Offense: Apparent stagnation
Bottom 10 judgment: "Subterranean Homesick Blues." How does a coach survive nearly a decade in the modern hoops landscape without taking his team to even one NCAA tournament? The expectations at Rhode Island are hardly overwhelming, and besides, with a few exceptions, Jim Baron has almost always turned his worst teams into 20-plus win outfits. But after this season, he may not get the chance. The Rams are currently 5-21 overall and just 2-9 in the Atlantic 10, which might actually be better than expected, seeing as those wins came over UMass and on the road at Dayton (the latter of which is especially mystifying). Baron's status may depend less on his team's final record than his administration's willingness to finally close the book, but either way, it's been an ugly year at URI.
"Get sick, get well/Hang around an ink well/Ring bell, hard to tell/If anything is goin' to sell"
Offense: So, about that whole "moving to the Big East" thing
Bottom 10 judgment: "One Of Us Must Know (Sooner Or Later)." Matt Doherty's eventual post-UNC-demise journey has not been particularly kind. After leaving Florida Atlantic, Doherty headed to Dallas, and his SMU teams have notched more than 14 wins in just one season; his record at the school (as of this writing) is 78-104. Doherty did build a 20-game winner in 2011, a team that finished a surprising .500 in a decent Conference USA. But this season has marked another step backward. SMU is 2-8 and in last place. On Saturday, the Mustangs fell 43-39 (yes, 43-39) at Rice. Even worse, SMU becomes a member of the Big East in 2013. This barely made sense in football. In basketball, it's lambs to the slaughter.
"When I saw you say goodbye to your friends and smile/I thought that it was well understood/That you'd be comin' back in a little while/I didn't know that you were sayin' goodbye for good."
Offense: Is it football season yet?
Bottom 10 judgment: "Black Crow Blues." It requires a brave man to take on the job of building South Carolina -- a dormant program for much of its history -- into a consistent winner. There's little evidence to support the premise in the first place. Which is why Darrin Horn's first year at the school, a 21-10 campaign led by diminutive giant-killer Devan Downey, seemed such a promising step. (The Bottom 10 has two married friends who live in Columbia. He recalls their being rather stoked.) Alas, Horn has yet to approach the 20-win barrier since, and this season isn't helping: The Gamecocks are 9-16 overall and 1-9 in SEC play; they're a two-point home win over Alabama away from being the nation's last winless team in major-conference play. Of all the ugly statistics that have produced this record, one sticks out: The Gamecocks rank No. 333 in the nation in their ratio of assists to field goals made. That's just bad basketball. The question is: Between spring practice and the Head Ball Coach's charity golfing tournaments, will anyone in Columbia notice?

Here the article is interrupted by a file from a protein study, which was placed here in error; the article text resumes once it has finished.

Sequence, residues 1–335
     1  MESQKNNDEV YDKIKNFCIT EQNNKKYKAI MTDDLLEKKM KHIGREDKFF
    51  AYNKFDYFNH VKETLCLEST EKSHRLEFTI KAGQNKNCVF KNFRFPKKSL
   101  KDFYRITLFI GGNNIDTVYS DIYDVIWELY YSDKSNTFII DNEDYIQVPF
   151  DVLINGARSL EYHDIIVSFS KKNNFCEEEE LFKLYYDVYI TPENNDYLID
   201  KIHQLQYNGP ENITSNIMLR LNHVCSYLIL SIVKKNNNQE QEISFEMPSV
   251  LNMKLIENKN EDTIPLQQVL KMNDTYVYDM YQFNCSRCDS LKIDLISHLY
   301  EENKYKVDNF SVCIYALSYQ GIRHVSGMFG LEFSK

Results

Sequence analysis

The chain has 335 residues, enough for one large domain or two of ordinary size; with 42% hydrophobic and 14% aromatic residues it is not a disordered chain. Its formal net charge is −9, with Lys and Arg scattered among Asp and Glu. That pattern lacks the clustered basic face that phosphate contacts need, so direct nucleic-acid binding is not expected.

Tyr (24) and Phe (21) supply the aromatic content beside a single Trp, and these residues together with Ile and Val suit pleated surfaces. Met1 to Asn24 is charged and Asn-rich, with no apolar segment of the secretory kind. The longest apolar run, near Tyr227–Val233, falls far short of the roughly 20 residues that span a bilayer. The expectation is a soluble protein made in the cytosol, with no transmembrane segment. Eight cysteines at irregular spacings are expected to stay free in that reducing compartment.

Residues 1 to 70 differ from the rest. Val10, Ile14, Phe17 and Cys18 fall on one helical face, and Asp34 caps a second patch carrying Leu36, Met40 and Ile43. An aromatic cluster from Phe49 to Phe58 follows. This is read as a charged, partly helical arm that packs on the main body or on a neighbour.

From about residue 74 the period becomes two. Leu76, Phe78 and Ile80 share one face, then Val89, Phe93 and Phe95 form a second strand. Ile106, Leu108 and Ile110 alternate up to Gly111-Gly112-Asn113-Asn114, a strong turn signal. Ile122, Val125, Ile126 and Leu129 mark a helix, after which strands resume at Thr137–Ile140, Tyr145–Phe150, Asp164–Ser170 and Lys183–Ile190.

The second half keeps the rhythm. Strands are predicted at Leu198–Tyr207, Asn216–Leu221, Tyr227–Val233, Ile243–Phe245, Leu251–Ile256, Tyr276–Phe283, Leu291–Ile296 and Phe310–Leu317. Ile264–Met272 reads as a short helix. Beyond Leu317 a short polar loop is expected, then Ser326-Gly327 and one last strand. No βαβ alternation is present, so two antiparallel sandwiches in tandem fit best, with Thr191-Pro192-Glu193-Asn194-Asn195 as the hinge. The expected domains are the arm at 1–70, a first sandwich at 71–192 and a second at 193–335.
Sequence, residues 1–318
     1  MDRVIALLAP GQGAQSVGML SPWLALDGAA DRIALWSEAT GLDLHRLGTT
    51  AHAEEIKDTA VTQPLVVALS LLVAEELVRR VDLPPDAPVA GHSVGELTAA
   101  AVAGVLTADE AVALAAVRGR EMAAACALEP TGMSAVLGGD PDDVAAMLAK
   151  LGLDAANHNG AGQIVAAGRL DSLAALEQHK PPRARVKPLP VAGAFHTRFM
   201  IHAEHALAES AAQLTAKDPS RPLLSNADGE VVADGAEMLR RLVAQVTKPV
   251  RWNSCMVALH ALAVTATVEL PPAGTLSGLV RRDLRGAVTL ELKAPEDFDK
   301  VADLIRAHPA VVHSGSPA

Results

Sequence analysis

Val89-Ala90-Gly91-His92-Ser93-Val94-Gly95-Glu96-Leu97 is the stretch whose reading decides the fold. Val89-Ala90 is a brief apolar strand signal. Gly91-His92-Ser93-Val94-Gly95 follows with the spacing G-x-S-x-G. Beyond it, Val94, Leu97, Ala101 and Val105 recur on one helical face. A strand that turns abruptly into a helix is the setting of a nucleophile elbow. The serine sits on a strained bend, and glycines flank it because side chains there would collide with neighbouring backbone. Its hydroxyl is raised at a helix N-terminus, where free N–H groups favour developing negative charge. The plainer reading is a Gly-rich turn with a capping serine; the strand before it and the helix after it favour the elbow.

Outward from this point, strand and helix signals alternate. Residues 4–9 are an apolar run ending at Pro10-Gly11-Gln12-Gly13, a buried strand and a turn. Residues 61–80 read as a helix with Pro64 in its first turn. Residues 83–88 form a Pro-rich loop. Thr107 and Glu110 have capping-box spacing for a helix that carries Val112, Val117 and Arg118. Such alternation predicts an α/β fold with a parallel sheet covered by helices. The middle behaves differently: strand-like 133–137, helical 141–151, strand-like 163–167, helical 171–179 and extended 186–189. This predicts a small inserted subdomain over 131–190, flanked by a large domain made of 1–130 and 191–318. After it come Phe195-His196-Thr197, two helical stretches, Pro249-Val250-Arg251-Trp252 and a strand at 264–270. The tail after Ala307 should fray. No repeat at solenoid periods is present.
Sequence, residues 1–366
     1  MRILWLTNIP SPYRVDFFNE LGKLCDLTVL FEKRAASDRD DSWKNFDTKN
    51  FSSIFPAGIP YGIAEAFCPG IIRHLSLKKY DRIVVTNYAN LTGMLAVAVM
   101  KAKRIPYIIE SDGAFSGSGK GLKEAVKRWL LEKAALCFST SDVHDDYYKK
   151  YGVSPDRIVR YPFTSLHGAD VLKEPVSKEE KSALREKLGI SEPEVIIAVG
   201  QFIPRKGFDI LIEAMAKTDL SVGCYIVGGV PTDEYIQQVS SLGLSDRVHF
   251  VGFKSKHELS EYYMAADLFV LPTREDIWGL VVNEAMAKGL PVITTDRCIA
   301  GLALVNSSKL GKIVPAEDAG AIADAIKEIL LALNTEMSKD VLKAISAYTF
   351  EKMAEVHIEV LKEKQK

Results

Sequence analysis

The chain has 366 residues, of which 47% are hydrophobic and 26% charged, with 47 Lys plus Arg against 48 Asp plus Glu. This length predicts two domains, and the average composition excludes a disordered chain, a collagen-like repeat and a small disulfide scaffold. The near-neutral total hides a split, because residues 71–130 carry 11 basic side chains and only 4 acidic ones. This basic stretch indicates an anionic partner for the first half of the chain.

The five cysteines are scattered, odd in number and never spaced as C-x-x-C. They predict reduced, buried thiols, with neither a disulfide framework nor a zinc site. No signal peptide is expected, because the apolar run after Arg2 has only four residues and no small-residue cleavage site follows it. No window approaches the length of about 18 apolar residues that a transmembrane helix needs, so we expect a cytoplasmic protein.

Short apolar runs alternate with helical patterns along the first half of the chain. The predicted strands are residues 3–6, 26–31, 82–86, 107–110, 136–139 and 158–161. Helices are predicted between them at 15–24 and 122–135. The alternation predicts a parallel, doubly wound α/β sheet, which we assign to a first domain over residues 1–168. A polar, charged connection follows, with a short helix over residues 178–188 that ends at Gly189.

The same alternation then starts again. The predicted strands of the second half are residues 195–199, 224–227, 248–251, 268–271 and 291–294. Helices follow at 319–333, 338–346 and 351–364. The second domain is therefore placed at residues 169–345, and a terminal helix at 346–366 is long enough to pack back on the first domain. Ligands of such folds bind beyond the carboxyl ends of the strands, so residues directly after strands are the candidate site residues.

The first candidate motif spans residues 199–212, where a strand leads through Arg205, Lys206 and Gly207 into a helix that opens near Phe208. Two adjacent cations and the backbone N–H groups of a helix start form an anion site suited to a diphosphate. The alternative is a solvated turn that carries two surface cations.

"Sometimes I'm thinkin I'm/Too high to fall/Other times I'm thinkin' I'm/So low I don't know/If I can come up at all."
Offense: Remember that No. 4 seed?
Bottom 10 judgment: "It Takes A Lot To Laugh, It Takes A Train To Cry." From 2005 to 2007, Chris Lowery won 78 games and went to three NCAA tournaments. In 2007, The Year Of The Missouri Valley, SIU went 29-7, landed a No. 4 seed in the tourney and went to the Sweet 16. Lowery was the hottest coaching name in the country, the guy every high-major program wanted, but he stayed in Carbondale all the same. In the immortal words of Gob Bluth, Lowery made a terrible mistake. The Salukis failed to make the tournament in any of the four years that followed. Lowery's previously stellar record suffered; he went 59-67 in that span. Unfortunately, 2012 may be the new nadir. The Salukis are 8-19 this season and 5-11 in MVC play. They played a decent nonconference schedule, but even so, that doesn't explain away losses like the home defeats to Western Kentucky and something called Ohio Dominican. On Tuesday night, they allowed Creighton to shoot 78 percent -- 78 percent! -- which shattered the previous MVC record. So Lowery, once the nation's hottest young coach, suddenly finds himself on the precipice. The tables, as they say, have turned.
"Now the wintertime is coming/The windows are filled with frost/I went to tell everybody/But I could not get across"
Offense: An utter mess
Bottom 10 judgment: "Highway 61 Revisited." This is still the same coach that went to three straight Final Fours, right? There isn't some "Invasion of the Body Snatchers" stuff going on here, is there? No? Right. It's difficult to fathom the depths Howland and his Bruins have sunk to in his ninth year at the program, mostly because Howland had such a splendid run from 2006 to 2008. This season began with a Top 25 ranking and the preseason nod to win the Pac-12, but it wasn't long until forward Reeves Nelson -- the Bruins' best player last season -- was suspended and reinstated and suspended and finally dismissed for various conduct issues, all before the second week of December.
Since then, the Bruins have never quite recovered, never made any sort of late-season push, never really come together. A 14-11 overall record in a bad Pac-12 might be enough to keep, say, Craig Robinson safe, but the folks in Westwood rightfully expect much more, and it's been no surprise to see fans vocally abandon their once-loved coach as this disaster of a season wears on. It's doubtful UCLA will pull the trigger on Howland this offseason, not after a year spent taxiing between "home" venues while Pauley Pavilion undergoes renovation. But the Bruins' messy start and subsequent mediocrity has been downright baffling to observe both up close and from afar.
"Well Mack the finger said to Louie the King/I got forty red white and blue shoe strings/And a thousand telephones that don't ring/Do you know where I can get rid of these things"
Eamonn Brennan covers college basketball for ESPN.com.